Jesus Christ Superstar

I haven’t written anything here for a while, so I thought I should write up the most recent show I’ve played guitar for: Jesus Christ Superstar! What’s more, it was done in a new Arts Centre that was previously a church, so many, many resonances there… not to mention issues with the acoustics…

There are two guitar parts for JCS, but I was the only guitarist in an 8-piece band (2x keys, 1x reeds playing flute/piccolo/clarinet/tenor sax, trumpet, french horn, bass & drums). I basically played the Guitar 1 part, but filled in acoustic/rhythm parts from the Guitar 2 part on Everything’s Alright, I Don’t Know How to Love Him and Can We Start Again Please. Otherwise, the Guitar 1 part on its own is fine.

There were no major cuts in the score, just a few “spacer” bars removed because the production was a promenade: attention could shift immediately, without people needing time to get on/off stage. This also made it an even more intense play than otherwise: once you start playing either act, you don’t stop until the end!

Gear-wise, I always turn up for a pit gig with my Variax for versatility. This time I mostly used the Les Paul model, along with the 6- and 12-string acoustic sounds for the quieter numbers. By the end of the run, though, I was using the Gretsch Duo-Jet for a slightly more crunchy clean sound on a couple of numbers. I ran my Digitech GNX3 into a DI box for the house PA, and also into a powered cab for monitoring… and feedback at a couple of points… The main amp model I used was the HotRod (ie, Mesa Boogie MkIIC) set up with a heavy flanger and 500ms delay to switch in at various points. The acoustic sounds from the Variax went through my usual acoustic model of direct blended with a clean tube preamp. A couple of the funkier passages (eg, What’s the Buzz) needed a clean wah-wah sound, so I used my regular Blackface fender sound for that.

Because we were a) playing an a church and b) performing as a promenade where the both the audience and the cast moved throughout the space, the sound got very boomy, and it was difficult to get a good mix. The result was that the band had to play as quietly as possible, to give the sound man as much control as possible. This led to a bit less rock’n’roll volume that there might have been in a different space… but I put my monitor on a chair for my own little “metal bubble” and to pull feedback at the appropriate moments…

The pad itself is pretty much ideal for an old prog-rocker like myself to play – a few key passages written out, but plenty of scope for rhythm comping and improvisation. It opens with a moody guitar solo (oodles of delay on the Boogie) before going into a 5/8 section of heavy stabs, before a 7/8 bit (guitar is tacet, but great to “be inside”). To be honest, the whole overture reminded me of Dream Theater! The opening song (“Heaven on their Mind”) runs on a bass-driven riff that could be Rage Against the Machine. This definitely put me in a space where the power chords had an extra 5th on the bottom, fake NuMetal 7-string style…

It’s not all NuMetal, though, and settles down into some good songs, some of which take you back to the early 1970s, while others could be entirely contemporary.

There are two improvised solos marked (“Heaven on their Mind” and “Pilate and Christ”). The first is a bluesy/wah thing where I used lots of D harmonic minor, while the second is in C minor but in 5/4… “Pilate’s Dream” also opens with a free-time section, which is more or less D minor blues; it’s written out, but I gradually played it less as written as more as I felt it…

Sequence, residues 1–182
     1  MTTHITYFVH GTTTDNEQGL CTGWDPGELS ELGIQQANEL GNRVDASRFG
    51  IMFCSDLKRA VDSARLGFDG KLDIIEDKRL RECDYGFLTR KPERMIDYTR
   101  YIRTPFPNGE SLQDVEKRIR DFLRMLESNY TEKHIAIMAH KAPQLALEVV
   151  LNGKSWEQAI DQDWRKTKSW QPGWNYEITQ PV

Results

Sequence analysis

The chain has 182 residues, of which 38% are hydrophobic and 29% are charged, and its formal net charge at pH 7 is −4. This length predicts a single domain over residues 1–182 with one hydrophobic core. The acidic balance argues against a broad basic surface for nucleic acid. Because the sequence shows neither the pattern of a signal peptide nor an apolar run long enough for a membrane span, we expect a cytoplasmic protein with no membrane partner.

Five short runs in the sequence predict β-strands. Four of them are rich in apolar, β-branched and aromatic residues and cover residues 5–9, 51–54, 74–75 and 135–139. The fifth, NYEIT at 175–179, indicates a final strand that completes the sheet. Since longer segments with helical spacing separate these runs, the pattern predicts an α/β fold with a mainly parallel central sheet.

Then there are the vamps…

We switched the end of Act I to finish on a D minor drone/vamp, so I tuned down my E string, switched to the high-gain Boogie channel, turned on the delay and the flanger and rumbled away in the background. Better still, the “Judas’ Death” scene ends with a long G drone of indeterminate length (while Judas hangs himself). I bent up the low G to an Ab and down again against the delay, to create loads of dissonance. I also used wah-wah, flanger and delay to trigger nasty squealy feedback for dramatic effect (riding the volume control on the guitar so it didn’t take over completely). To be honest, this section was probably the most fun I had during the show! Watch out for the very tight finish, though… Finally, the “39 Lashes” section is also a long D harmonic minor “vamp” while Jesus is whipped. I started off around the middle D, trilling around C#, D, Eb, F#, G but gradually got more “insanely atonal” as it progressed, also doing a pick-tap trill on A, Bb, C#.

The end is biblically dramatic, and the guitar is tacet so you can appreciate the full force of the crucifixion (doubly so in this case, where the altar had been in this converted church) before joining in with some wonderfully subtle acoustic guitar for the closing “John 19:41”.

Our production ended in silence, in darkness, in comtemplation. It really was one of the most powerful pieces of theatre I’ve been involved with – great stuff, and if you’re a guitarist don’t pass up any opportunity to play this great pad!


2 thoughts on “Jesus Christ Superstar

  1. Hi – am a pit guitarist as well, never played JCS but would love to someday. It’s probably my favorite show. Have played mostly community and regional theater shows over the past 10 years (Hairspray, Full Monty, 13, Dirty Rotten Scoundrels, etc). Playing Legally Blonde in August and September…but am getting frustrated with the tones I’ve been getting from my gear. I usually play a Strat and an acoustic through a Boss GT-8 effects board into a Roland JC-120 amp. I see you use a Variax…interesting idea, I may want to look into that. Do you also play through any effects boards or stomp boxes or does the Variax handle it all for you? Great to see another pit guitarist online and to read your notes! Not a lot of info out there to draw on. Cheers!

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